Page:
Reconstructive Surgery of the Eyelids

Your eyes are often the first things people notice about you, and are an important aspect of your overall appearance. Young eyelid skin is smooth, but over time, the eyelid skin stretches, the fat bulges, and the muscles weaken. The eyebrows may also droop and sag (a condition called brow ptosis). Age, heredity and sun exposure all contribute to this process. Loose or baggy eyelids detract from your overall appearance and make you look tired or older. When the brow droops, it crowds more skin down over the upper lids and exaggerates the hooding and crow’s feet at the outer corner of the eyes, making you look sad, tired, or angry. When severe enough, the upper eyelid skin may hang over the lashes and obstruct your vision.


Surgery to improve the appearance of the eyelids is called blepharoplasty. The goal of blepharoplasty is to give the eyes a more youthful look by removing excess skin, bulging fat, and lax muscle from the upper and lowers lids. If the sagging skin obstructs peripheral vision, blepharoplasty can eliminate the obstruction and expand the visual field. Excess skin and fat are removed from the upper lid through an incision hidden in the natural eyelid crease. If the upper lid is droopy, the muscle that raises the lid can be tightened.

Before Blepharoplasty
Before Blepharoplasty
After Blepharoplasty
After Blepharoplasty

Fat in the lower lid can be removed or repositioned through an incision hidden on the inner surface of the lid. Laser resurfacing or chemical peel can be performed at the same time if desired, to smooth and tighten the lower lid. If there is excess skin in the lower lid, the incision is made just below the lashes. Fat can be removed or repositioned through this incision, and the excess skin is removed. The incision is then closed with fine sutures.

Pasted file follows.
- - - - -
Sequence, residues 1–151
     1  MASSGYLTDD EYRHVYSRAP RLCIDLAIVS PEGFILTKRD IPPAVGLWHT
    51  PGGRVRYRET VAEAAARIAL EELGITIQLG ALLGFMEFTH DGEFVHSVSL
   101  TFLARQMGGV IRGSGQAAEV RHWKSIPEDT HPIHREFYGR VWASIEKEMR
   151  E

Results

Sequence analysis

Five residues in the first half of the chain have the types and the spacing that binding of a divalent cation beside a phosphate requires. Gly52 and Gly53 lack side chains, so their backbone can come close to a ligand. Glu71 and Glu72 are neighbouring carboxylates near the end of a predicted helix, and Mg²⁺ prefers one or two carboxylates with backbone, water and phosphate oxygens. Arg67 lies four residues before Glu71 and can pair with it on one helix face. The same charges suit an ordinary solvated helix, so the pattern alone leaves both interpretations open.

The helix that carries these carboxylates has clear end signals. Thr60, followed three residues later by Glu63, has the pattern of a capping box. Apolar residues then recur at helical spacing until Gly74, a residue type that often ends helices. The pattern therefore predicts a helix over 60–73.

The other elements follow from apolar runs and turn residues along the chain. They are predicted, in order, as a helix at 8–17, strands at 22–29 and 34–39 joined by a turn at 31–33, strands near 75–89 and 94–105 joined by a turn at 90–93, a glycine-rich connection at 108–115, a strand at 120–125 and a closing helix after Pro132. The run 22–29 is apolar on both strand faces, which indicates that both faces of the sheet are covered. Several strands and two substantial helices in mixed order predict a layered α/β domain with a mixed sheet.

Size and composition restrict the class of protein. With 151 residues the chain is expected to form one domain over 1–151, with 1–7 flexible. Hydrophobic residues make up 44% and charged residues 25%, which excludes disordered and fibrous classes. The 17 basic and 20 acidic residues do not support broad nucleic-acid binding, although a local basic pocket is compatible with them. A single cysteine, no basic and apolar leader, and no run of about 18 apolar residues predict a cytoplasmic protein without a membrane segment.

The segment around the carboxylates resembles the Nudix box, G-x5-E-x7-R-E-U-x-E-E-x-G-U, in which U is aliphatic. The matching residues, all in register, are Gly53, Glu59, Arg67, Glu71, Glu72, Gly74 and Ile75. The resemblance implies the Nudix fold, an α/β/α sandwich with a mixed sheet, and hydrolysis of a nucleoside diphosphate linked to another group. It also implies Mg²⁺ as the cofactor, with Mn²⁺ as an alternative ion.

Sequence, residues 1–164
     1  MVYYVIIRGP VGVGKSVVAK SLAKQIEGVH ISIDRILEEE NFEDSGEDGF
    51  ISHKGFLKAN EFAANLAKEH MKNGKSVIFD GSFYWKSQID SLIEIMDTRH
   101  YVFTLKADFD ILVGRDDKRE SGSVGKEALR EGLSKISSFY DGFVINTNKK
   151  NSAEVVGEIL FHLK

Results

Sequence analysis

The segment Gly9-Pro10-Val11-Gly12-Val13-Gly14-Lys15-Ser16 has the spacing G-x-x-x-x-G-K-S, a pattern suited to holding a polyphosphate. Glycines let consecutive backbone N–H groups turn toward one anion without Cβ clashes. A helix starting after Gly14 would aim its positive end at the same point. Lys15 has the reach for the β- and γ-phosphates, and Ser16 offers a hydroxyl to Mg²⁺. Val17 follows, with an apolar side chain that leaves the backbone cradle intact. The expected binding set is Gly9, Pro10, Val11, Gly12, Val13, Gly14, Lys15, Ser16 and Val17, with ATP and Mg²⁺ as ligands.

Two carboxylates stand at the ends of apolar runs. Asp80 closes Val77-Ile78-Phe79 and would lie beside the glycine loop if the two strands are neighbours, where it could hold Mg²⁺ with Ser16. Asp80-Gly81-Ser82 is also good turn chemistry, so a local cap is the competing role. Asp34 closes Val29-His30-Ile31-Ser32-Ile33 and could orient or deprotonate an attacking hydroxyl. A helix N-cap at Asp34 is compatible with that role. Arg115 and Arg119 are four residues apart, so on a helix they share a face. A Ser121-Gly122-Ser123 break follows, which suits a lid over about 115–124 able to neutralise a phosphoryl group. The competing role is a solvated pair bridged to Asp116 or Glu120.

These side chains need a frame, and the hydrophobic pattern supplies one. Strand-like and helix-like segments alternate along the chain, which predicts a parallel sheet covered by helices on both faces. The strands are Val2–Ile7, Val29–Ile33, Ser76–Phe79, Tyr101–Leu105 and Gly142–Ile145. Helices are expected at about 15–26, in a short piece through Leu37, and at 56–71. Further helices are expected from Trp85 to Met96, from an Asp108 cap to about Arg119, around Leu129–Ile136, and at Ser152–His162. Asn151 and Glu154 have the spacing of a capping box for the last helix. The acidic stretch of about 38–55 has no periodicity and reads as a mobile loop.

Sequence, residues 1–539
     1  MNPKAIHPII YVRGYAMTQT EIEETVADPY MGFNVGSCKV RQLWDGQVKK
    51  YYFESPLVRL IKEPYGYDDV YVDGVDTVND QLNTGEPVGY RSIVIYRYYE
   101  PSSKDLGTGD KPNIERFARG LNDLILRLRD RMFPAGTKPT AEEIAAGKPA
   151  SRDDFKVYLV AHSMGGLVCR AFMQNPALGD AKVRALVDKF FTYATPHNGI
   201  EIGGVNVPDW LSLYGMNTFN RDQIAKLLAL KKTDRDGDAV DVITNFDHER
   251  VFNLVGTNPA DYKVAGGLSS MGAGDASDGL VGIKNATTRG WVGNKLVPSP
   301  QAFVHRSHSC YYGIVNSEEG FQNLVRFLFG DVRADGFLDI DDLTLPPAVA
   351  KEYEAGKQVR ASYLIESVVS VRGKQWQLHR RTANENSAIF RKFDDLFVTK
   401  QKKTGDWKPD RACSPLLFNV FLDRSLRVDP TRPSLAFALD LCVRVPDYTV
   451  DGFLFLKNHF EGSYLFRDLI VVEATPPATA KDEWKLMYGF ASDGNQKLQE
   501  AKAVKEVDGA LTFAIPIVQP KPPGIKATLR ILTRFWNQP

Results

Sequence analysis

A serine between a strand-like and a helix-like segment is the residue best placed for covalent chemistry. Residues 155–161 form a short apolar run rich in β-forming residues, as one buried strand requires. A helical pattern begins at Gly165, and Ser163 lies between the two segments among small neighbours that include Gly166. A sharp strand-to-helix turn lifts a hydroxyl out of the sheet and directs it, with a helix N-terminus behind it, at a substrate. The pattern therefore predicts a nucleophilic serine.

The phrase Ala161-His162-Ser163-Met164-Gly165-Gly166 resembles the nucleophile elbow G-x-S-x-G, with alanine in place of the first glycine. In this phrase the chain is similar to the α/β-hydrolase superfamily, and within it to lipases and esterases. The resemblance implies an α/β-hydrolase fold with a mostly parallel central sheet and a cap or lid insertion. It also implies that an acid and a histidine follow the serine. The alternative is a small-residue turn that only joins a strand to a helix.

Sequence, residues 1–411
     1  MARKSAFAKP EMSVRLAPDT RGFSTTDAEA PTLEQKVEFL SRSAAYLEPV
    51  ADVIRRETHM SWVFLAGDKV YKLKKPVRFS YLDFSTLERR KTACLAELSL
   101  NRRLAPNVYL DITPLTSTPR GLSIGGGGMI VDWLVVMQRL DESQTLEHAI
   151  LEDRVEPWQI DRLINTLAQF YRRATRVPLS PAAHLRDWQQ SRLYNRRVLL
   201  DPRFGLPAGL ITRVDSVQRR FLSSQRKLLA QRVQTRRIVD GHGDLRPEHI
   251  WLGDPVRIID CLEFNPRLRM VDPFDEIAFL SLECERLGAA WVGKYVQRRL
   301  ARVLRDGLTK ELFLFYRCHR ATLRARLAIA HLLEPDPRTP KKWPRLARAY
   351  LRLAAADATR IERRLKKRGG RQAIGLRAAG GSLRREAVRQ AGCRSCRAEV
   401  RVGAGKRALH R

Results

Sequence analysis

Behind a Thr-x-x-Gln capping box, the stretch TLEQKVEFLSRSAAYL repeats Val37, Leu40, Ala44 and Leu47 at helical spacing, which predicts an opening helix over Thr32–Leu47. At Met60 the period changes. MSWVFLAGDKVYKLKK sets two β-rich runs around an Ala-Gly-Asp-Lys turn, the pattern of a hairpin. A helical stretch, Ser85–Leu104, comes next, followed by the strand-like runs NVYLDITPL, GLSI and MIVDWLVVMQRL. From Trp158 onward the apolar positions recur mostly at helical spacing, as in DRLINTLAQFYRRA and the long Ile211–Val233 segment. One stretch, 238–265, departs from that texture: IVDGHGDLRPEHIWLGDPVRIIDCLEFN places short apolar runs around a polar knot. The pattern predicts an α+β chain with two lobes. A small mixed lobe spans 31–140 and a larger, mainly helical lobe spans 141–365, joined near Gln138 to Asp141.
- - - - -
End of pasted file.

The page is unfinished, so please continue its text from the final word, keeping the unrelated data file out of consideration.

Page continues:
Brow Lift

Blepharoplasty will not elevate a drooping brow or remove wrinkles in the crow’s feet area. A procedure to elevate the brows may be appropriate, instead of, or in addition to upper lid blepharoplasty. Correction of mild to moderate brow ptosis can be accomplished through incisions directly above the brows, in the forehead creases, or at the hairline. These techniques are most effective if the brow ptosis involves predominately the central area of the forehead.

For more significant amounts of brow ptosis, or to address deep frown lines or lateral hooding of the upper lids, it may be necessary to raise the brows and forehead through incisions behind the hairline. The endoscopic brow lift is performed through small incisions hidden behind the hairline, using an endoscope and special instruments. The muscles that pull the brow down and crease the forehead skin are relaxed, allowing the brow to be raised into a more youthful position. A coronal brow lift can achieve the same results through a larger incision well behind the hairline.

After Surgery

Cold compresses are applied to reduce swelling and bruising. Antibiotic ointment or drops may be prescribed. Strenuous activity should be minimized for several days. Warm compresses may be recommended after several days to increase blood flow to the area and promote healing. Discomfort is generally mild. Non-aspirin pain relievers are usually all that is necessary post-operatively. Aspirin products, non-steroidal anti-inflammatory medications like ibuprofen, and other blood thinners should be avoided before and after surgery as they may increase the risk of bruising and bleeding. Most patients are able to return to regular activities within several days.

Eyelid Reconstruction Specialist

Gary T. Raflo, M.D., FACS
Gary T. Raflo, M.D., FACS

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